More than a century ago, an Arawak family of six—two parents with their three daughters and one son—left their home in a little place called Dawa in the Essequibo in search of an area that had enough trees to provide lumber for building. Their search took them to Mashabo.
The Amerindian community, which now has a total of 450 men, women and children, is situated on the Essequibo Coast across a lake of the same name, the largest of five in the area. Persons getting to and from the village do so using a bus that runs along the road leading from the Essequibo Public Road to the lake at periodic times. Once they get to the lake they call a boatman to come pick them up, using one of several telephone numbers written in boat shed there. The ride across the calm black waters of the lake to the village takes approximately 15 minutes; thousands of palm trees decorate the scenic lake.
Prior to 1983, the lake was a savannah, with a creek running through; then the creek was blocked at one end allowing for the water to back up leading to it becoming the biggest lake on the coast. This was done to provide water for the rice farms that once grew at one end of the lake.
Mashabo, through the Williams family that arrived from Dawa all those years ago, has now become three sections which are linked by two bridges that allow for the residents to get from one section to the other without having to take a boat. However, some persons still prefer to take a boat, especially the residents on the hill called Mashabo Housing Scheme since a lot of the sand there is referred to as ‘dead sand’, which makes it difficult for persons to walk through.
Unice Williams, a granddaughter of that first family, lives in the section called Waddaduri. Her father was the son of the family that moved from Dawa.
“My father came from Dawa with his sisters and parents. His name was Cuthbert Williams and his sisters were Mildred McTurk, Marie Daniels and Eva Williams. I never know my grandparents’ name. He and his sisters and parents were Catholic until the Adventists came and then they converted. I remember we had a troolie structure that my father gave to the Adventist Church for them to set up a school,” she recalled. For some years, the children met in the troolie structure until word got out about the non-functioning primary school on Hamburg Island. After getting permission from officials, members of the community got together, took the building apart and put it back together at Mashabo. A new school was built in its stead during the previous administration.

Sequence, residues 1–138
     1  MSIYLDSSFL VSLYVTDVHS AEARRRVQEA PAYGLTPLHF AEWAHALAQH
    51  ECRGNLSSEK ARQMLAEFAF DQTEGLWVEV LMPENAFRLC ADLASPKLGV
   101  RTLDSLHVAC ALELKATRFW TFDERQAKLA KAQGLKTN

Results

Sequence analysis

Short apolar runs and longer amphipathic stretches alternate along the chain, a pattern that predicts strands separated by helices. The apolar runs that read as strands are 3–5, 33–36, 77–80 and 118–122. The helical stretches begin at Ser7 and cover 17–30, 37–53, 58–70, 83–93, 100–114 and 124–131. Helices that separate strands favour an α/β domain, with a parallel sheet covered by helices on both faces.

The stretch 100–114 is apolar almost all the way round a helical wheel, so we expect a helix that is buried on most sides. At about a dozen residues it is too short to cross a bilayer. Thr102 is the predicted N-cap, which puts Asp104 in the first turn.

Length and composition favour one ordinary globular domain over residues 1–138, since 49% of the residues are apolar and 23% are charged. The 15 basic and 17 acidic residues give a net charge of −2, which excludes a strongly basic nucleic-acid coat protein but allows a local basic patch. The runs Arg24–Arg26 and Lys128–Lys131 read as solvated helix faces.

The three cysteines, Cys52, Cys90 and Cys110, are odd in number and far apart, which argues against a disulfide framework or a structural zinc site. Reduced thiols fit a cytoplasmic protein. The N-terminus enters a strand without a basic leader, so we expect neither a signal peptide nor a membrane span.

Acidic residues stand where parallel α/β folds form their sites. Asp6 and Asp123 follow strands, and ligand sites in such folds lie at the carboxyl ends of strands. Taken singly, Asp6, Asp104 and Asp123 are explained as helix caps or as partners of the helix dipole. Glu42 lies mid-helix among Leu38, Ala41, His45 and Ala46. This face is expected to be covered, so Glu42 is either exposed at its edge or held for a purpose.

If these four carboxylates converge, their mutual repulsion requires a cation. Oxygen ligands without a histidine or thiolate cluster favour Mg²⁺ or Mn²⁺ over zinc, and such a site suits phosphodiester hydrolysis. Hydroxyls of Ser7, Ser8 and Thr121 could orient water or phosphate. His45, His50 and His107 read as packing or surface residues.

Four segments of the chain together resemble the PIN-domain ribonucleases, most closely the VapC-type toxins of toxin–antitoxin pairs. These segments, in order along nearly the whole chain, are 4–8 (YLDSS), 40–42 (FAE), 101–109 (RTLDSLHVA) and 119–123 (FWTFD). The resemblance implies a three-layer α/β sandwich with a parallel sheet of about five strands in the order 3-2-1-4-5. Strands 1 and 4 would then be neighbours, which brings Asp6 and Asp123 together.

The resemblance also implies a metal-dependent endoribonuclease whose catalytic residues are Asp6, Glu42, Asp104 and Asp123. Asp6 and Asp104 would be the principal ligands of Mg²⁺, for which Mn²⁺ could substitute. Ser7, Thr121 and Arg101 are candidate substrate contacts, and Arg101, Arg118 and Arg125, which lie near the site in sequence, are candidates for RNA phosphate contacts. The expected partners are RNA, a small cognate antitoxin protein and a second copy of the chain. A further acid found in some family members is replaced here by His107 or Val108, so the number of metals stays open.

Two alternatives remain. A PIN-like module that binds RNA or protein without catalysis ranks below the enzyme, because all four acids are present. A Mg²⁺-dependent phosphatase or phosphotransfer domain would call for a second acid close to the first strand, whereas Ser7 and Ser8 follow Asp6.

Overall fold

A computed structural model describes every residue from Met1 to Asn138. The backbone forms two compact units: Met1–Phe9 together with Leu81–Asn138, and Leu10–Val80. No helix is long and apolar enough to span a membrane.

The school being located on the mission and with no boardwalk like there is today, Williams took the canoe across. “Every Amerindian know to steer their own boat,” Williams said. According to the woman, her family was poor and by 15 she was employed as a domestic worker at Maria’s Lodge to assist her family. Later, she got married and returned with her husband to the village.
Most of the people in Mashabo provide for their livelihood through cutting lumber and small-scale farming. The community depends on solar panels for lights, charging their phones and watching television. Williams’s family, however, has the convenience of a generator. The community relies on the GTT network mainly but only those living on the mission and in the housing scheme get cellular signals. Williams and those who live in Waddaduri, Mashabo usually walk across to the mission to make their calls.
Abdool Sabar is from Hibernia on the Essequibo Coast. He accompanied his pregnant wife on foot through the savannah and marshes in a bid to see where she was from. He is married to Williams. “You know when Amerindians say is right down deh is not really a small walk and I found out how true that was. We walked for hours. We had started out eight o’clock that morning and walked for seven miles. Every time I asked, ‘girl how far more?’ she would say, ‘is right down there’. You know how much right down deh it had? How she make it, I don’t know and pregnant too. You see these people accustom to this. I get accustom now too. We come here to live on the 20th of May 1990,” Sabar shared.
“When I come here it was very hard. Me din know fuh mek wallaba post or grate cassava, now me can do all them thing that. Because I was an outsider nobody wanted to show me how to do anything. I had a father-in-law who was 75 years and he seh one day ‘come leh we guh de the backdam’. He show me how to get the wallaba… I doing wood work since.”
Sabar said he was the first to have bulls working on his farm. The bulls would pull the wood from the backdam in the bull cart. Though he no longer has bulls, there are persons in Mashabo who still use bulls for their labour.
After he arrived, he said, he cleared most of the bush on the land. His mother-in-law advised him to plant his cassava first, then his pineapples in rows nearby and lastly to plant coconuts. She explained to him, he said, that once he harvested his cassava, his pineapples would soon follow and some years after, his coconuts. This, she had told him, would motivate him to keep farming. He filled his part of Waddaduri with dozens of coconut trees. Sabar is also one of the persons who worked on the boardwalk stretching 660 ft from the mission to Waddaduri. It took them two months, he said. Though the bridge was built through a presidential grant, the physical work was done through self-help by the community.
Six years ago when their daughter died, he said, he had stopped doing much farming and is now trying to get back into it.